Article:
Ian Howard ‘ he established Aristoc along with Lindsay Jenkins, the sales director. Grant was designer and there was Bernie Mears, an engineer. Bernie and Grant never got on. It was a difficult relationship because Bernie always wanted to do things in a very conservative way ‘ Grant always wanted to experiment. Ian and Lindsay understood that’s what was needed. It was a remarkable relationship for a while ‘ very exciting. And of course now, when I look back over my 40 years in design ‘ it was just a rollercoaster. When things are good you think this is the way they are always going to be. Then the rug is pulled and the whole thing falls in a heap!
The 1960s and the 70s were very turbulent times, socially and culturally…
It makes today look so boring!
The four chairs recently acquired by the Powerhouse have cushions covered in a red fabric that looks to be original.
Yes, they were produced in a red and a yellowy wool fabric.
We also acquired a circular table with the Aristoc label and a similar base to the chairs.
The table was produced at the same time ‘ we have one here.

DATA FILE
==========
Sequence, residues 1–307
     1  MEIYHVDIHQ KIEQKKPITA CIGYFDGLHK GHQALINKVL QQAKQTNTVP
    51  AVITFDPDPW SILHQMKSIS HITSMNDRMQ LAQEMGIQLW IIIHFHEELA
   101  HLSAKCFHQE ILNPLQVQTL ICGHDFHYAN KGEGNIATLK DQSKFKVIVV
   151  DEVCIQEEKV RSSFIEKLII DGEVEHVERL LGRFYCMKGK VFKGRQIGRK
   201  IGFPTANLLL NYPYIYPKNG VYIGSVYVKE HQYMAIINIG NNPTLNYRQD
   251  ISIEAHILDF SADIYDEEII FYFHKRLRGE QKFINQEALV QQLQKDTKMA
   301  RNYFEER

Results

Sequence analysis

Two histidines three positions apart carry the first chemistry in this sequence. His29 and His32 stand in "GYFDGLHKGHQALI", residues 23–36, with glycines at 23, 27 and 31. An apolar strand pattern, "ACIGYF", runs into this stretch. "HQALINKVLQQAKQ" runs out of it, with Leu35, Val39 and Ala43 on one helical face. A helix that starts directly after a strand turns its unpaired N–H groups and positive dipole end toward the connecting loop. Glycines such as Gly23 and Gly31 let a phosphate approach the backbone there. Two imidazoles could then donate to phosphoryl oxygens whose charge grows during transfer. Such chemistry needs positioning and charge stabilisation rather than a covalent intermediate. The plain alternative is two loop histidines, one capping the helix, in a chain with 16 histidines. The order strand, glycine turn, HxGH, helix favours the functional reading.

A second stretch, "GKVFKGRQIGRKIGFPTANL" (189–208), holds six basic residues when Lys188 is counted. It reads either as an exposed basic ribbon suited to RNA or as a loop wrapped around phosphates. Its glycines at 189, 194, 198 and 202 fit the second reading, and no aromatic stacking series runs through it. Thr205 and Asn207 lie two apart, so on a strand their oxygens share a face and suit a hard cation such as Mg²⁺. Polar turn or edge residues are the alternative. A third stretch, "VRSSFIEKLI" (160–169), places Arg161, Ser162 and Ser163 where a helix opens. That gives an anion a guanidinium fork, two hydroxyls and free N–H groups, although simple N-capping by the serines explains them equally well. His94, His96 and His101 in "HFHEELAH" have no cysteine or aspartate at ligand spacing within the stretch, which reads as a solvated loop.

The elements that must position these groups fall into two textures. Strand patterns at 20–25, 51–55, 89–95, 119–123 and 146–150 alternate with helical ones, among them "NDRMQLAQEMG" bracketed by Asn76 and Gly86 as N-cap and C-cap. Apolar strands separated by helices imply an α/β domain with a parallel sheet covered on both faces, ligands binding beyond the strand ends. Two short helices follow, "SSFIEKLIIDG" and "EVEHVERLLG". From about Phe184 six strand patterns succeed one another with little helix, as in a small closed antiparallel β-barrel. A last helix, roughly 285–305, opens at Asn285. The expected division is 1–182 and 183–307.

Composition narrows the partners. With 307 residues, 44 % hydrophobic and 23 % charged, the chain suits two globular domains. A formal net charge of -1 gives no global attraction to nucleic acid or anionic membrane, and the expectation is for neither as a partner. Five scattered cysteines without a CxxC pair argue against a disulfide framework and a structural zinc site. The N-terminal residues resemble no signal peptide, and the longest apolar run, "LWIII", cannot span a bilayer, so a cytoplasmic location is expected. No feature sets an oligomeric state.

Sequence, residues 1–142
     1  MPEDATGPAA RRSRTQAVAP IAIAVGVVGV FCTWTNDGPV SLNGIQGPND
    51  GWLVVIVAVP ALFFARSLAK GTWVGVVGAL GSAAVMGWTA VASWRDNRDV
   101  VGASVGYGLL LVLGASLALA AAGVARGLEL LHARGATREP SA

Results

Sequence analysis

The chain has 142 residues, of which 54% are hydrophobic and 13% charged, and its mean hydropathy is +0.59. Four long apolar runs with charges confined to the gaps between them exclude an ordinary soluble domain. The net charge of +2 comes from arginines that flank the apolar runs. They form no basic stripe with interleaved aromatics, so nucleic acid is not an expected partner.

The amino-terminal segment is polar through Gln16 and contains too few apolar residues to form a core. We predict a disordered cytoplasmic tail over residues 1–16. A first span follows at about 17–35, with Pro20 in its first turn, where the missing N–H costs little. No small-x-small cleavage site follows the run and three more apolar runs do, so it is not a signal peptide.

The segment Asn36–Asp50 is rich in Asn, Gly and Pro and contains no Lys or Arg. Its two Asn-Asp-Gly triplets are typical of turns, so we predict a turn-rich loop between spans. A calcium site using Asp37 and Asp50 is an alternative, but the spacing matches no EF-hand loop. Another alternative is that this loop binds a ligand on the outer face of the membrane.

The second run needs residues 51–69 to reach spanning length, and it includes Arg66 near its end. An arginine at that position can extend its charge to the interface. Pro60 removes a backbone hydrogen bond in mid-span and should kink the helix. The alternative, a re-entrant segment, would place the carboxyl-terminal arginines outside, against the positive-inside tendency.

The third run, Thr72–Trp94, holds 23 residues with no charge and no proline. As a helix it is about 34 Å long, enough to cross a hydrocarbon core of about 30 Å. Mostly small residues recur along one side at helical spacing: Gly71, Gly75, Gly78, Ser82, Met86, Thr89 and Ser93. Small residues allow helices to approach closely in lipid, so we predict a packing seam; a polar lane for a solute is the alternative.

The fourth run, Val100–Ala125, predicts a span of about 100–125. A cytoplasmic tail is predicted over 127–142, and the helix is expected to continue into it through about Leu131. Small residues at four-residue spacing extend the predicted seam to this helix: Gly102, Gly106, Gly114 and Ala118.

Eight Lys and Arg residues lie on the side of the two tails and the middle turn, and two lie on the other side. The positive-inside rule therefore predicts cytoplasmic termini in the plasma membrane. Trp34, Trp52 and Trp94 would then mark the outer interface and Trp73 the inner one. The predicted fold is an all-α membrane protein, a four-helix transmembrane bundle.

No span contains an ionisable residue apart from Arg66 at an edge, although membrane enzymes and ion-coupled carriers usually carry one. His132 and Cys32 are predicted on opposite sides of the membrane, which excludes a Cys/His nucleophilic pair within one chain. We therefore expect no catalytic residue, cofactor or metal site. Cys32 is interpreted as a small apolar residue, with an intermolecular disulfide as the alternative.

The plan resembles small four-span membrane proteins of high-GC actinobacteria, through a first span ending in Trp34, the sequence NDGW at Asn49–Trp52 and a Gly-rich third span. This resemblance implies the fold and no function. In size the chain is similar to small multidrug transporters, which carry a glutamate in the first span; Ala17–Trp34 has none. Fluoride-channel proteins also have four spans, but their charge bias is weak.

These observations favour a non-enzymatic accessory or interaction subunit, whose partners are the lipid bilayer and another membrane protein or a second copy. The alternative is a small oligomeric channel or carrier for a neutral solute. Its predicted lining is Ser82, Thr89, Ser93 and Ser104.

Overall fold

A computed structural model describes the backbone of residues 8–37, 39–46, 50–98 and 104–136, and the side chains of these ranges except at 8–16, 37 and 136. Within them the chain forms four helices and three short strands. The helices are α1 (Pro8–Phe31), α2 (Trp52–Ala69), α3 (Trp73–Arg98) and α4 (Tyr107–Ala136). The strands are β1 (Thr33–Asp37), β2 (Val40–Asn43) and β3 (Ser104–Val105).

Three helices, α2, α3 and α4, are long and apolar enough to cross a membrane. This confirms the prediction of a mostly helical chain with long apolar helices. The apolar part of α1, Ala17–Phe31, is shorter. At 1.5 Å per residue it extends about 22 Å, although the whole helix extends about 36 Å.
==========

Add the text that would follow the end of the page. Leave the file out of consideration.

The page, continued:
Was the Stem well-received in magazines at the time’
Yes, I think it was. It was used in some very futuristic settings. I remember photographs of curved spaces and the Stem just sat so well in them and looked so contemporary. But I don’t think there were all that many made, probably because of the change in management at the time. The board may have just thought they were too experimental ‘ And plastics did go out of favour in the 70s. We used to try and work with the plastics industry and educate them about quality but nevertheless plastic products had a bad reputation in Australia.
And presumably there would have been a lot of competition from cheaper imported plastic products at the time’
Yes. That was one of the problems we had with the spherical moulded polyurethane Obo chair of the early 70s ‘ one of the first projects we got into after Aristoc. It was up against beanbags ‘ they were a third the price! If we’d done the Obo in Europe it would have had a much bigger market and that’s part of our huge problem ‘ the market is so small. If you want to do anything in volume you really have to look at an international market, but then you are up against transport costs.
The Stem was produced about the same time as the Sebel ‘Integra’ one-piece plastic chair was being developed in Sydney.
Yes. You’ve reminded me of another miserable story! We were trying to work with Harry Sebel ‘ Grant desperately wanted to do a one-shot injection moulded chair. There was no way Aristoc, now Furniture Makers, were going to take it up. So we started to work with Harry who commissioned us to design a moulded office furniture range ‘ but in the end he gave that job to Charles Furey in Sydney. Grant was very upset about that!
Thanks to Mary Featherston for her recollections and to Melanie Pitkin for her transcription.